Barnoldswick & Earby Time, Colne Times and Nelson Leader Column: Friday 26th October 2018

My weekly column from 26 October

The state of Pendle’s taxis and how they are licensed is an issue that gets raised with me on a regular basis, from both customers and taxi drivers themselves. 

The public need to have confidence that when they get into a taxi, the vehicle is safe and well maintained and the driver properly licensed. The trade also needs to have confidence in the licensing authority. Decisions must be seen to be taken fairly with everyone treated the same. Unfortunately, this has not always been the case. 

The licensing and enforcement of the taxi trade is the responsibility of Pendle Borough Council. For too long the threat of taking enforcement action against the taxi trade has been used, by some, to exert political pressure on the trade. 

The main aim of Pendle Borough Council’s enforcement should be public safety and only that. No other considerations should be applied. That is why the new administration of the Borough Council, who took control after the local elections in May, have abolished the taxi licensing committee. This removes councillors from direct involvement in enforcement action.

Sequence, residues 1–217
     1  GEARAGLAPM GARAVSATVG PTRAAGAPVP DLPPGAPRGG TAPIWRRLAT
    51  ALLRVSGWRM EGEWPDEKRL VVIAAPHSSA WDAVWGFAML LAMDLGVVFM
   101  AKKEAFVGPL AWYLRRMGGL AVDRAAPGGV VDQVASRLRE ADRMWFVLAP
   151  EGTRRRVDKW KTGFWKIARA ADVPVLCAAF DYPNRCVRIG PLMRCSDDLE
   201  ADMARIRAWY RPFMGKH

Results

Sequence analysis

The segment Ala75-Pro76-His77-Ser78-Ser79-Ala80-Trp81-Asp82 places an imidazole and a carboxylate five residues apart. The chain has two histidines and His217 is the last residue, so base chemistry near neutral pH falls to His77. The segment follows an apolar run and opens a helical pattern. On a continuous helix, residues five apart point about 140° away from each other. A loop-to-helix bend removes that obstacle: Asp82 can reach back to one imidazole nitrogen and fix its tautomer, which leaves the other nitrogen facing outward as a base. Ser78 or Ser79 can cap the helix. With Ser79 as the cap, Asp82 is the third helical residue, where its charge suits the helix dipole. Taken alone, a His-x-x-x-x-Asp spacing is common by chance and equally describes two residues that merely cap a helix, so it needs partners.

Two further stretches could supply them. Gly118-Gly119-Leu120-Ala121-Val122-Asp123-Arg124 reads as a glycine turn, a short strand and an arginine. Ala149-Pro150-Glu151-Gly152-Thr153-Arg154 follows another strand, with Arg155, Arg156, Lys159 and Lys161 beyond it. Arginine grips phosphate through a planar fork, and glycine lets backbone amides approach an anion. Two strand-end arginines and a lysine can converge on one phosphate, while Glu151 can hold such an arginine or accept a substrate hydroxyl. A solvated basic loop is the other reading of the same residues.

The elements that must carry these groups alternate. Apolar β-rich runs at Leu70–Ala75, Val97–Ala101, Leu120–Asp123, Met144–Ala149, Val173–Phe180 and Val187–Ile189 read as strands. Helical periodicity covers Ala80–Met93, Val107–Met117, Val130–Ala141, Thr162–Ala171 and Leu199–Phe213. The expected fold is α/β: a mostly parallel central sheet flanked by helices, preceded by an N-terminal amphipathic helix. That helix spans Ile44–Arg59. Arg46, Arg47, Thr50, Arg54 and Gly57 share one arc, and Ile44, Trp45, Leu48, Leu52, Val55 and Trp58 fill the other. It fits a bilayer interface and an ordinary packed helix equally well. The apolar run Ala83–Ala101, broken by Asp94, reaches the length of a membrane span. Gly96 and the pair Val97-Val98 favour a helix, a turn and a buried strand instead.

While this is a positive step there is still more work to do, including proactively working with the trade to improve standards and to weed out the poor operators who fail to maintain their standards. 

The taxi trade in Pendle is a vital source of employment for many who live here and a vital service for those who without a reliable taxi trade, wouldn’t be able to get out and about very easily. I will continue to do what I can to support the trade and customers alike to ensure standards are improved and where those standards aren’t met the proportion action is taken. 

Speaking of standards, there has been a lot of work done on Pendle’s roads this year. No-one will forget how bad they got last winter. As a regular road user, I was one of many hit by higher than expected repair costs at the garage, fixing damage to our cars. 

Over the last 18 months, an additional £10 million has gone into maintaining Lancashire’s roads. Not everything can be done in just one year. However, I hope fellow motorists will see the improvement as they drive this winter.